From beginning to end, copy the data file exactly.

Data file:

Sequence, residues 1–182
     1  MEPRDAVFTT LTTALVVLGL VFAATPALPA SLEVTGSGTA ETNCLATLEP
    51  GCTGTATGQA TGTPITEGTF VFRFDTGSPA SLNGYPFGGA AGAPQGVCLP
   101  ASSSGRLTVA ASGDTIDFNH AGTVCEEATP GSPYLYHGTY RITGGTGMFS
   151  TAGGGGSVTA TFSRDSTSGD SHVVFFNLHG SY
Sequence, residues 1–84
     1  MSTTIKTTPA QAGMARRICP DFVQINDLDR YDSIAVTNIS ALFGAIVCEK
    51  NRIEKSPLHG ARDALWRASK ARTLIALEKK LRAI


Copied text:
Sequence, residues 1–182
     1  MEPRDAVFTT LTTALVVLGL VFAATPALPA SLEVTGSGTA ETNCLATLEP
    51  GCTGTATGQA TGTPITEGTF VFRFDTGSPA SLNGYPFGGA AGAPQGVCLP
   101  ASSSGRLTVA ASGDTIDFNH AGTVCEEATP GSPYLYHGTY RITGGTGMFS
   151  TAGGGGSVTA TFSRDSTSGD SHVVFFNLHG SY
Sequence, residues 1–84
     1  MSTTIKTTPA QAGMARRICP DFVQINDLDR YDSIAVTNIS ALFGAIVCEK
    51  NRIEKSPLHG ARDALWRASK ARTLIALEKK LRAI